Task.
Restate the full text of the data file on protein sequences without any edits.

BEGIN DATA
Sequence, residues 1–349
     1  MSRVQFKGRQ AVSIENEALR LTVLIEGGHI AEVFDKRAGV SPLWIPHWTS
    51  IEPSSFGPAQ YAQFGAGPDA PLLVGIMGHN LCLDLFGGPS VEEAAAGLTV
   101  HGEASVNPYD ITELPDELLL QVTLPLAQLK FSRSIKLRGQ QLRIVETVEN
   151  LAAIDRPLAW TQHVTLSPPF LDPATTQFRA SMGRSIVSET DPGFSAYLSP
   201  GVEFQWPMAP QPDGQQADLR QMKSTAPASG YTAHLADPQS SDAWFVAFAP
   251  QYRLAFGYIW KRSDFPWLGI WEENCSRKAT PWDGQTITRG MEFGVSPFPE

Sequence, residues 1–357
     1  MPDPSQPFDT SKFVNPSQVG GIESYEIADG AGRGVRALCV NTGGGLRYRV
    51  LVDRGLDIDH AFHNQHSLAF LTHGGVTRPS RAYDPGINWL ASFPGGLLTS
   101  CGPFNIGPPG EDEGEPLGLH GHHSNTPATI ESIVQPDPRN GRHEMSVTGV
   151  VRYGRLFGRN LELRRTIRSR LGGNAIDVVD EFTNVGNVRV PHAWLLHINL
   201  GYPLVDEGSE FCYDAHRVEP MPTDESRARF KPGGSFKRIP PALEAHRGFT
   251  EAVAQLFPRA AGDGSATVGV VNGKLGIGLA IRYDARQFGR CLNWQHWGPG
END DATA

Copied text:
Sequence, residues 1–349
     1  MSRVQFKGRQ AVSIENEALR LTVLIEGGHI AEVFDKRAGV SPLWIPHWTS
    51  IEPSSFGPAQ YAQFGAGPDA PLLVGIMGHN LCLDLFGGPS VEEAAAGLTV
   101  HGEASVNPYD ITELPDELLL QVTLPLAQLK FSRSIKLRGQ QLRIVETVEN
   151  LAAIDRPLAW TQHVTLSPPF LDPATTQFRA SMGRSIVSET DPGFSAYLSP
   201  GVEFQWPMAP QPDGQQADLR QMKSTAPASG YTAHLADPQS SDAWFVAFAP
   251  QYRLAFGYIW KRSDFPWLGI WEENCSRKAT PWDGQTITRG MEFGVSPFPE

Sequence, residues 1–357
     1  MPDPSQPFDT SKFVNPSQVG GIESYEIADG AGRGVRALCV NTGGGLRYRV
    51  LVDRGLDIDH AFHNQHSLAF LTHGGVTRPS RAYDPGINWL ASFPGGLLTS
   101  CGPFNIGPPG EDEGEPLGLH GHHSNTPATI ESIVQPDPRN GRHEMSVTGV
   151  VRYGRLFGRN LELRRTIRSR LGGNAIDVVD EFTNVGNVRV PHAWLLHINL
   201  GYPLVDEGSE FCYDAHRVEP MPTDESRARF KPGGSFKRIP PALEAHRGFT
   251  EAVAQLFPRA AGDGSATVGV VNGKLGIGLA IRYDARQFGR CLNWQHWGPG